The Babinski reflex is a somatic reflex seen in infants. When the side of the foot is stroked, the toes spread apart. Another example of a somatic reflex is the ankle-jerk reflex, which causes the ankle to bend the foot towards the ground when the Achilles tendon is tapped.
Somatic reflexes are movements of body parts that result nearly instantly when a certain stimulus is delivered. Reflexes are able to occur so quickly because the stimuli that cause them are not processed in the brain. Rather, the nerve impulse generated by the stimulus is relayed only to the spinal cord. A motor nerve impulse, which signals for the muscles to react in a certain way, is then sent back from the spinal cord to the muscle.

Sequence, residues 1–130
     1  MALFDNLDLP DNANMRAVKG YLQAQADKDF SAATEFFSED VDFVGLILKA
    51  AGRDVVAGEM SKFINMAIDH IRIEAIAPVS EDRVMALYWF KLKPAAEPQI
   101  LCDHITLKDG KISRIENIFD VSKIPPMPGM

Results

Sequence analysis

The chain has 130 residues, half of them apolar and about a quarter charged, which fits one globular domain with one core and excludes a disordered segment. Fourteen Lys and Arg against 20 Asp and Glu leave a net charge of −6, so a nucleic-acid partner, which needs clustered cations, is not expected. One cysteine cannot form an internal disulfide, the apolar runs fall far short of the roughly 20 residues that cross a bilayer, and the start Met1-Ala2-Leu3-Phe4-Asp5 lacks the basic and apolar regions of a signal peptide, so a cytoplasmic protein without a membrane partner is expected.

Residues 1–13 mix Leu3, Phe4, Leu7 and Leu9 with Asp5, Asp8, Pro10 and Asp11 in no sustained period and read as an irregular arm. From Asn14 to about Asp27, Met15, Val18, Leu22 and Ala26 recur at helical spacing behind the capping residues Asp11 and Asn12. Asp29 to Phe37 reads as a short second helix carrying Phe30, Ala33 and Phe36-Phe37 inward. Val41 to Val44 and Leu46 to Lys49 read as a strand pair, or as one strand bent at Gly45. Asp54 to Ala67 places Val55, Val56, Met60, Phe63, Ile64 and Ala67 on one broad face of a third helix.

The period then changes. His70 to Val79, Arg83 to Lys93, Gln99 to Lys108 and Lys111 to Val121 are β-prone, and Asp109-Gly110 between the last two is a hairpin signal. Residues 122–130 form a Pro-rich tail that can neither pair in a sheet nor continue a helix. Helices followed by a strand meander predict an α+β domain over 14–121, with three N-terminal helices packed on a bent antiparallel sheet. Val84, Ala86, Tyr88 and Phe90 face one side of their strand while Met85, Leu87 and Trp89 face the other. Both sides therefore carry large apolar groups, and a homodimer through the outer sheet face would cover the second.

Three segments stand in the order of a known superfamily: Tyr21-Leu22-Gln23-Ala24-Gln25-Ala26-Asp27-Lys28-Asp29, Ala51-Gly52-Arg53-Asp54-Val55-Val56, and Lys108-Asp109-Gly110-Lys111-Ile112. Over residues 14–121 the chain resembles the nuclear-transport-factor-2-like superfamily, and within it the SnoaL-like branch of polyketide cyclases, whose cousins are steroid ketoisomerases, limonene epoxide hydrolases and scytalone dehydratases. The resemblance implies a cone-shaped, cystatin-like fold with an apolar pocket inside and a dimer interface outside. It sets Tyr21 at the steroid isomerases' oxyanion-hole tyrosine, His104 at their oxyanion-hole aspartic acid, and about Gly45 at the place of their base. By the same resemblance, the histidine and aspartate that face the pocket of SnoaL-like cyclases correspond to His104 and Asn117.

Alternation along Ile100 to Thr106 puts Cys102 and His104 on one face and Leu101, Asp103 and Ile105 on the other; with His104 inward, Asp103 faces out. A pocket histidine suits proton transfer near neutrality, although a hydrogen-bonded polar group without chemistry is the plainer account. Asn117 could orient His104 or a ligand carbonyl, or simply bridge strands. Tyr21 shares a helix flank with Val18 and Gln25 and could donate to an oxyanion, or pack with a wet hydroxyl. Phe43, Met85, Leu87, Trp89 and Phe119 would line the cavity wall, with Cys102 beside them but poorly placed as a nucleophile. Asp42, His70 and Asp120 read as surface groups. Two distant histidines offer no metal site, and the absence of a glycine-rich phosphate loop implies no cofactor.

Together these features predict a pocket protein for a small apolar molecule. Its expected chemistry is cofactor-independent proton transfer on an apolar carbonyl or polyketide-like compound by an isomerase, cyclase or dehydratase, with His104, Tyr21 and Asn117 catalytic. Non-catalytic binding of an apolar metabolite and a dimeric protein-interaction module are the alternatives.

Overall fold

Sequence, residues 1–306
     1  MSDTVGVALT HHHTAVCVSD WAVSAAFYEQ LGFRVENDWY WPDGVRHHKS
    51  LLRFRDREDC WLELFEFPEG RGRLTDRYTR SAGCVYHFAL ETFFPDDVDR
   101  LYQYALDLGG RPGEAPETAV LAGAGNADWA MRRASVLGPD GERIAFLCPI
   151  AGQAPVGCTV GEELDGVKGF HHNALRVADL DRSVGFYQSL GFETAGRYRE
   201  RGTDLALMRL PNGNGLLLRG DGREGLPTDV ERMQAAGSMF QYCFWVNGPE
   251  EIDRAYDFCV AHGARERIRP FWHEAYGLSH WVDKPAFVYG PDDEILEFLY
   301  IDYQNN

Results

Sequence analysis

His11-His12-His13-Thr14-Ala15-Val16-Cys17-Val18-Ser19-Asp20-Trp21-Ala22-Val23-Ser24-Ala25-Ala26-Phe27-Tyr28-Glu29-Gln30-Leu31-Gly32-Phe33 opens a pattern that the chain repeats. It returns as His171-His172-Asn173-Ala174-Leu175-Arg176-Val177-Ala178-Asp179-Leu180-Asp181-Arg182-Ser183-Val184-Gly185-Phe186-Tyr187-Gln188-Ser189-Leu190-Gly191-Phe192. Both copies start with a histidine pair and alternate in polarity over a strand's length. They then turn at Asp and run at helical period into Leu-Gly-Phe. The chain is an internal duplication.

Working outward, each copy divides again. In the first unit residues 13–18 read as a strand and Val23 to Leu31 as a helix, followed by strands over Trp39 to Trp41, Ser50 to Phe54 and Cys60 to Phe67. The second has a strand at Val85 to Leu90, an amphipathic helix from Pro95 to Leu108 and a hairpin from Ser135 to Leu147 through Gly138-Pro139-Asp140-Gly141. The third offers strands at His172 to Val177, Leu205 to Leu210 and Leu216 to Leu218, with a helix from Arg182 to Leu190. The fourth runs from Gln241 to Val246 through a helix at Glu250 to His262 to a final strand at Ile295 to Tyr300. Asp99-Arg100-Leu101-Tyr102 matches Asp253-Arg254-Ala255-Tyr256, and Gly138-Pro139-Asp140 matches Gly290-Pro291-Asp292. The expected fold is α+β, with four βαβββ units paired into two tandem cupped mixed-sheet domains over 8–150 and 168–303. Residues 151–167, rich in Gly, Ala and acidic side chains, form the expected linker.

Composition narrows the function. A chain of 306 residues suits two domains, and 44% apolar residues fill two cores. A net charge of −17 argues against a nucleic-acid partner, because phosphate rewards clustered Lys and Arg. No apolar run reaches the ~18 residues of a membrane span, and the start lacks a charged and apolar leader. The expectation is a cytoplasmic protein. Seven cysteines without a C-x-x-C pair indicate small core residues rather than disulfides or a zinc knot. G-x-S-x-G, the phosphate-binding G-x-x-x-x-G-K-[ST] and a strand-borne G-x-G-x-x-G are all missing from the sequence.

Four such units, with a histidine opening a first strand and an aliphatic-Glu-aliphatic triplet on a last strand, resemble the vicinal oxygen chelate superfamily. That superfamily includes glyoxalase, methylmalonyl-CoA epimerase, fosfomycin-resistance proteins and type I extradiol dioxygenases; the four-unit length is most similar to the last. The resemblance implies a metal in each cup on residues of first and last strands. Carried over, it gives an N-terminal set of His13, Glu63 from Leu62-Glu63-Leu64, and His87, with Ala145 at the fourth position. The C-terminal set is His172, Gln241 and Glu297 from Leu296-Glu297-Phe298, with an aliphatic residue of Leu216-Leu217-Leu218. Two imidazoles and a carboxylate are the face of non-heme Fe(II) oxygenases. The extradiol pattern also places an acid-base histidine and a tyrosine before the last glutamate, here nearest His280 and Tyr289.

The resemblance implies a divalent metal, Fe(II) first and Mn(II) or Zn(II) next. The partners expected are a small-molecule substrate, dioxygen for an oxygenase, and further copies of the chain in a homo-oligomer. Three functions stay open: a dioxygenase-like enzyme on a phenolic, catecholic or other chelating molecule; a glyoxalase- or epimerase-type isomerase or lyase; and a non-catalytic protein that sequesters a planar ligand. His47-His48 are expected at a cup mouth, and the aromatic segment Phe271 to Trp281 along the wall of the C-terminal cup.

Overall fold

Humans display many different reflexes. The biceps reflex causes the forearm to jerk when the biceps brachii is tapped with a hammer. The corneal reflex causes a person to blink when the cornea of the eye is touched, and the knee-jerk reflex causes the lower leg to kick outward when the patellar tendon just beneath the knee cap is struck. Blushing is another reflex; the face turns red when a person experiences embarrassment or shame.